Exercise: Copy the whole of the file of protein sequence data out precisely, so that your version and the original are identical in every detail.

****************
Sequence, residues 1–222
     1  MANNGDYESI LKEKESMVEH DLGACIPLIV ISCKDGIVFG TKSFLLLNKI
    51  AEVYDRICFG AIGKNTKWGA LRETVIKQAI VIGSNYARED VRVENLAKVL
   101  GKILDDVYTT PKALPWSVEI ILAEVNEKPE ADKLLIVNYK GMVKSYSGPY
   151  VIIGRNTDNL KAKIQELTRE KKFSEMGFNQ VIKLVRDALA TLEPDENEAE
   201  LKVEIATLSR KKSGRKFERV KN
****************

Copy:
Sequence, residues 1–222
     1  MANNGDYESI LKEKESMVEH DLGACIPLIV ISCKDGIVFG TKSFLLLNKI
    51  AEVYDRICFG AIGKNTKWGA LRETVIKQAI VIGSNYARED VRVENLAKVL
   101  GKILDDVYTT PKALPWSVEI ILAEVNEKPE ADKLLIVNYK GMVKSYSGPY
   151  VIIGRNTDNL KAKIQELTRE KKFSEMGFNQ VIKLVRDALA TLEPDENEAE
   201  LKVEIATLSR KKSGRKFERV KN